A really cool stop light concept surfaced late in the week that uses the colors we are used to and an hourglass design to show how long the light has left before it changes. The concept is cool but in the real world, the lack of other lights would cause some issues for the colorblind. Call of Duty: Black Ops is selling like crazy. The game made $650 million in 5 days. That is a crazy amount of money had better than most of the big Hollywood films.
Apparently Google tried to buy Twitter at one point for the tidy sum of $4 billion. That offer was turned down, as was the first offer of $2.5 billion. Sony Ericsson’s CEO has admitted that the company is in talks with Microsoft on using Windows Phone 7 in its line. However, the strict spec and software limitations mean adoption is an off chance according to the CEO.
A new iPad rumor has surfaced that has a world version of the iPad with a multi-mode GSM/CDMA modem hitting in 2011. I wonder if this would be the version that gets that carbon fiber case that surfaced in a patent app from Apple. If you are a photography geek that want’s to show just how geeky you are we found the perfect bracelets for you. The Lens Bracelets look like the focus ring around a camera lens.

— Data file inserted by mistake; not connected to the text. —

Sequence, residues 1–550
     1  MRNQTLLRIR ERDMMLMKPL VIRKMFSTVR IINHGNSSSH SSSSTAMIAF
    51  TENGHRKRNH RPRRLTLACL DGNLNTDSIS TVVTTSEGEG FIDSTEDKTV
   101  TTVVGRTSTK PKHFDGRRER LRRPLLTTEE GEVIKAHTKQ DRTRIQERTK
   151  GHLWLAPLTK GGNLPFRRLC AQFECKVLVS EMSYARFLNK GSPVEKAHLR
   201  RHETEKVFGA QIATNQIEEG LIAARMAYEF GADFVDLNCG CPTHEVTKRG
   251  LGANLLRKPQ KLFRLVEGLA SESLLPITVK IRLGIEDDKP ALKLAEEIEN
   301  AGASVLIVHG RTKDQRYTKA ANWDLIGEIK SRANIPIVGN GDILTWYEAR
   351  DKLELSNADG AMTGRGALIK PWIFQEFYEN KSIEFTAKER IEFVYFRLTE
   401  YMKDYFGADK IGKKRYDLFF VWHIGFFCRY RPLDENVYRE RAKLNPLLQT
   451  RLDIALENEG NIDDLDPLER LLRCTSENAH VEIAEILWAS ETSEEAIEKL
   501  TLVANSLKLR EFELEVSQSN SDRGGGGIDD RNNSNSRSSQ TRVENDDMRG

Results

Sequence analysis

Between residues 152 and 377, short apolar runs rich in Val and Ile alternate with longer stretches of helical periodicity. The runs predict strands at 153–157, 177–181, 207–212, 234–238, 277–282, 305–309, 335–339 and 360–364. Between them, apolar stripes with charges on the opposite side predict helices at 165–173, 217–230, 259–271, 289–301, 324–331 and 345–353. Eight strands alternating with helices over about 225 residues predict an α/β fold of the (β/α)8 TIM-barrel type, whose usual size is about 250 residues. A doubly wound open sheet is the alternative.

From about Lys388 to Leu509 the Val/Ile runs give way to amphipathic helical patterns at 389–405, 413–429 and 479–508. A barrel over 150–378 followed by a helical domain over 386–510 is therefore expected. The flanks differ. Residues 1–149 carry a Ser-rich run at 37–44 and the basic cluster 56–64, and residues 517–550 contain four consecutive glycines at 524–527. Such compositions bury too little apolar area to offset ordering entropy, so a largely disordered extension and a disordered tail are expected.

I’m not a fan of video game soundtracks, but there are many hard-core game geeks out there that are. If you really like the Red Dead Redemption sound track and have a record player you can get the games soundtrack. You need that record player because the soundtrack is only on red vinyl. Thanks for reading this week’s edition!
The LG E-Note H1000B tablet spotted crossing the FCC earlier this month has made its official debut in Korea. Fronted by a 10.1-inch 1366 x 768 resistive touchscreen (complete with a stylus), the H1000B runs Windows 7 Starter Edition on an Intel Atom 1.1GHz Z510 or 1.6GHz Z530 processor, paired with 1GB of RAM, a 16GB SSD and optional WiMAX (sadly not integrated, but bundled as a separate modem).
There’s also WiFi b/g/n, Bluetooth 3.0, an SD card slot and two USB ports; since this is basically a full netbook in tablet clothes, you can plug in a USB keyboard, mouse or any other peripheral. The whole thing weighs 850g with the standard, removable 4-cell battery, and measures 278.5 x 180.5 x 14.5 mm.
Options include Windows 7 Professional and a docking-station stand (as shown in the gallery below). Frankly, we’re not too impressed by the specifications, and can’t imagine battery life being particularly impressive either. The LG E-Note H1000B is priced at 961,000 won ($847) from Korean carrier KT, complete with the WiMAX modem.